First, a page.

It’s flu season again and, like most men, I’m not very good at being sick. I have fairly low pain threshold and tend to feel pathetically sorry for myself when struck by the nasty virus. It really feels as though I’ll never be well again!
In the English language, there’s a colloquial term that sums up men’s inability to cope with illness:
Personally, I believe I can differentiate the flu from a bad cold. And let’s be fair, the influenza virus can and does kill. So the body knows it is under relatively serious threat.
Besides, there are evolutionary factors. For thousands of years men were responsible for hunting and protecting the tribe from external threats. Thus any form of illness in males would put at risk the safety of the entire clan. Which might explain our anxiety when it comes to feeling poorly…
Or am I just making excuses?
In this day and age, however, being sick has its advantages: it allows you to stop, or at least slow down, without feeling too guilty. The fact that resting is the best way to recover can make you feel entitled to do as little as possible. And if you’re lucky, friends and family will express their sympathy. Some may even offer to help!
We all lead busy lives and often forget to pay attention to what matters most: human relationships. The vulnerability that comes with feeling ill can be a useful reminder of how much we need others – emotionally way more than practically.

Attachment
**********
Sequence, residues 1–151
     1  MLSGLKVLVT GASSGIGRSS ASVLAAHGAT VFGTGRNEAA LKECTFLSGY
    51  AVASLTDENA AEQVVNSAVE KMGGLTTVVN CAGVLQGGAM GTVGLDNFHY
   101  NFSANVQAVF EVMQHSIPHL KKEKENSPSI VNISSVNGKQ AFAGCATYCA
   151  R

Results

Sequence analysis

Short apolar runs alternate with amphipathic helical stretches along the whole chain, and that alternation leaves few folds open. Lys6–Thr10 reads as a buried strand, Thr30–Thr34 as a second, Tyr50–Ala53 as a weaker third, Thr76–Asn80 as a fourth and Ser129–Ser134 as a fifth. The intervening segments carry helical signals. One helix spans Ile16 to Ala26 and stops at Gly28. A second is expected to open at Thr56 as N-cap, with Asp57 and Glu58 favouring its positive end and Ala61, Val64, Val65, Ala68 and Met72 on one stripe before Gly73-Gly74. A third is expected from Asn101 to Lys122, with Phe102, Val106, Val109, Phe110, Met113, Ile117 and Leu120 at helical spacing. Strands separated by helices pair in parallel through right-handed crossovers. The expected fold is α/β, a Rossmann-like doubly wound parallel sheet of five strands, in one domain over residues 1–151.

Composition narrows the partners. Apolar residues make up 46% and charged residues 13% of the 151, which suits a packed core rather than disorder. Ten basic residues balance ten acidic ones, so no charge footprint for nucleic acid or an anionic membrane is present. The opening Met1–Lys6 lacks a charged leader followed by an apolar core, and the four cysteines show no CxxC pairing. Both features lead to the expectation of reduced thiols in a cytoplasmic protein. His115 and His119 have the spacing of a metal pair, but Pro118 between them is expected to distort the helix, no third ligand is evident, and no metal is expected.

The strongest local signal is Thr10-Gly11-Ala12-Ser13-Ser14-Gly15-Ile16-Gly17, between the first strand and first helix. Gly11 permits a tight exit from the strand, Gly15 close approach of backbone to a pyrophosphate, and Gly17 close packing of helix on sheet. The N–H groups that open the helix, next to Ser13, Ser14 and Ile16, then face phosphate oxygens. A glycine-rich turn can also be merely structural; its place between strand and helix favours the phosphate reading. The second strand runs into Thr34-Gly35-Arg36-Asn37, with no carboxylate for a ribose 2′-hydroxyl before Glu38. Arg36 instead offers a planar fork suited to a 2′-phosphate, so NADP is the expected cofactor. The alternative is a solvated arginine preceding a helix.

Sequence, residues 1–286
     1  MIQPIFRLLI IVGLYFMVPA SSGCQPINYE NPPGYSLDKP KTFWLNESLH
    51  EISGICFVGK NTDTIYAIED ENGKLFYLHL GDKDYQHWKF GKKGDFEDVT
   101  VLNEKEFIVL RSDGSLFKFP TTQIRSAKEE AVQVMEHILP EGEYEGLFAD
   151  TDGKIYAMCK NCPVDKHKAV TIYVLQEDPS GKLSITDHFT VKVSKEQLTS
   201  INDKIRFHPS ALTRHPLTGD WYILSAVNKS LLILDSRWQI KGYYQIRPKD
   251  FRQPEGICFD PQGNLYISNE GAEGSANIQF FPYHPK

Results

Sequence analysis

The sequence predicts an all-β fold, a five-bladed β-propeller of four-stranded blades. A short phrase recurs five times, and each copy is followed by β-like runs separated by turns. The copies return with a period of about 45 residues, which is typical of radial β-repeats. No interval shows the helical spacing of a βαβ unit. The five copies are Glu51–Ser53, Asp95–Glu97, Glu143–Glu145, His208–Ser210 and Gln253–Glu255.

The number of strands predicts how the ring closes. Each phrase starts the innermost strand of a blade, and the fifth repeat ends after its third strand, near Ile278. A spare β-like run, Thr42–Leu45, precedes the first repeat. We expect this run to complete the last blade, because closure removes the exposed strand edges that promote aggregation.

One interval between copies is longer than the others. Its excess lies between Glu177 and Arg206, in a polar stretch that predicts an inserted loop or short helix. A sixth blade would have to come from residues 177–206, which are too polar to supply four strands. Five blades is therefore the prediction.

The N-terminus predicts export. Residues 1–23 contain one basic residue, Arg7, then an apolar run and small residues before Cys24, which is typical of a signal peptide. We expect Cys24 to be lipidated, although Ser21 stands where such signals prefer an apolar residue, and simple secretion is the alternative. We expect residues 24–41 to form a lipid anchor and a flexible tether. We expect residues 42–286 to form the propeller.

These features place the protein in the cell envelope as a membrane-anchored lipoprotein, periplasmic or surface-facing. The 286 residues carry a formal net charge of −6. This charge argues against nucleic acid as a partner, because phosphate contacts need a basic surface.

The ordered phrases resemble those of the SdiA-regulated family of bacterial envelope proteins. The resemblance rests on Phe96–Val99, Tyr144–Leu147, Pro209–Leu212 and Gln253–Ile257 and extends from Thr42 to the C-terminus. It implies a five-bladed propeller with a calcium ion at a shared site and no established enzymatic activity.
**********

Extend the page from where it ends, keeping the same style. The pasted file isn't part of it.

Another perk of being sick is, at least for me, the fact that the enforced rest can promote introspection. It’s almost as if the body decided autonomously, by lowering its defences, that it’s time for us to take a break and look within.
While ill, I’ve allowed myself to grieve past losses I hadn’t yet grieved fully. Because as well as being bad ‘patients’, men are generally not very good at grieving. Which is why, according to some research, men never really get over a breakup, as it’s only when we allow ourselves to feel the full pain of a loss that we can truly heal and move on.
Recovering from the flu can also have the effect of awakening a sense of gratitude. Suddenly, we appreciate being able to carry out those daily activities we would normally find tiresome or simply take for granted.
For workaholics and compulsive types, coming down with the flu can be a great opportunity to practise letting go. Sadly, we live in a society in which restaurant chains will threathen their staff with disciplinary action if they call in sick. But you can rest assured that no job is so important that if you take a few days off, the world will stop turning.
Paradoxically, the best way to fight the flu is to submit to it: embrace it and make the most of it!